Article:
The public health investigation into the hepatitis A outbreak led to the determination that pomegranate seeds from Turkey were the likely source of hepatitis A in the Townsend Farms product. The CDC stated that the genotype of hepatitis A associated with the outbreak is 1B, a strain rarely seen in the Americas but that circulates in North Africa and the Middle East.
Hepatitis A genotype 1B was associated with outbreaks in Europe and Canada in 2013 and 2012, respectively. In both outbreak-situations, frozen berries or frozen berry blends with pomegranate seeds were implicated as the source of illness.
Both plaintiffs are represented by Marler Clark, the law firm that underwrites Food Safety News. The law firm has filed 3 other individual lawsuits against Townsend Farms on behalf of people who allege they fell ill with hepatitis A infections after eating the berry mix and 7 class action lawsuits on behalf of residents of 7 states who received hepatitis A vaccination or immune globulin injections to prevent illness after they learned they were exposed to the virus.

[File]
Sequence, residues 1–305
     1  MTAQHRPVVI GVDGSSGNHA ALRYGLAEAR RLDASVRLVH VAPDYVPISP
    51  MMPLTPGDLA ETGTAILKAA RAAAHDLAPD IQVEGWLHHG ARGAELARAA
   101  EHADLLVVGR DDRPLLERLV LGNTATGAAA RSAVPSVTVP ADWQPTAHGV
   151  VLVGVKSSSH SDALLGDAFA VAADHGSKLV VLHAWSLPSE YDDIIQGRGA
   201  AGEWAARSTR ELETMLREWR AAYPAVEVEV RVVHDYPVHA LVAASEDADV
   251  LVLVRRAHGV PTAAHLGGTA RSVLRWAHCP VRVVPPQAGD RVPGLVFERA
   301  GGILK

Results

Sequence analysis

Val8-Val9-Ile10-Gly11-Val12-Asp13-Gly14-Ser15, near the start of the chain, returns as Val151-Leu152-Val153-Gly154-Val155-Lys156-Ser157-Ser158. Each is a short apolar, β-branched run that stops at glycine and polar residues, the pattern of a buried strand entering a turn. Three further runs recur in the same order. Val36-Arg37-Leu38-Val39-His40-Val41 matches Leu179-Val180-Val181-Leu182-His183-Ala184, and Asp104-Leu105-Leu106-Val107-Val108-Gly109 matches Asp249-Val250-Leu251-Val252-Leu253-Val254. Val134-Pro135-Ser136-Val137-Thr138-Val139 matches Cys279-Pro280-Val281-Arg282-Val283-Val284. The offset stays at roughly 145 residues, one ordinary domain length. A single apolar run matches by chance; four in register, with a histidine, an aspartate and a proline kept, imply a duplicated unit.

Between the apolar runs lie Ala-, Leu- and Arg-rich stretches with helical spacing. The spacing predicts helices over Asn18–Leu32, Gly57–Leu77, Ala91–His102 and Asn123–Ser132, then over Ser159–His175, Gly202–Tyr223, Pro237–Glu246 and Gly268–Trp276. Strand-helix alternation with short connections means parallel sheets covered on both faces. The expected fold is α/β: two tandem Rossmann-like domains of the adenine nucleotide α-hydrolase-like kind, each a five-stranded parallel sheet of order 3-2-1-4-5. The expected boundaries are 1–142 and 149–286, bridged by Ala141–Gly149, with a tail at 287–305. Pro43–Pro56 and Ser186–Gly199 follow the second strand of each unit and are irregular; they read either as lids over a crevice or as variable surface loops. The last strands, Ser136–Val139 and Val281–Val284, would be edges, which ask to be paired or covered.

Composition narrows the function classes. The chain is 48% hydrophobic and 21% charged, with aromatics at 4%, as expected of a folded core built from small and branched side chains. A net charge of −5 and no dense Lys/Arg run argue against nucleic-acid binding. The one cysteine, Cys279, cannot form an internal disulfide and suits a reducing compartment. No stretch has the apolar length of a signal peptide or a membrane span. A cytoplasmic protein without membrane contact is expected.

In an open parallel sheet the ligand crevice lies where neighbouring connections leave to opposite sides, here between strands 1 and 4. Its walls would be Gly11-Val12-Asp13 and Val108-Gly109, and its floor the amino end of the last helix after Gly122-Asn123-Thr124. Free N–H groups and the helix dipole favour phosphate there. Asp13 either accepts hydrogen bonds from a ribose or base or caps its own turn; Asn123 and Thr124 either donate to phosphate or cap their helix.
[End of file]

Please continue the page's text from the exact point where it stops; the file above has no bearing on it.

If administered within 2 weeks of exposure to the virus, Hepatitis A vaccine and immune globulin can either prevent infection or lessen the severity of symptoms.
“It seems to me that Townsend Farms had some warning that it should be examining its suppliers’ food safety practices,” said attorney Bill Marler. “What we think of as healthy food can only be good for us if it is safe.”
When your company’s reputation for all-natural, premium-quality products is 100 years old and the nation’s top chefs comprise your major market, each day’s production has a rather high bar to meet. Mike Satzow, the third-generation owner of North Country Smokehouse, Claremont, N.H., knows not only where that bar is set, but the factors that could hobble his operation’s success.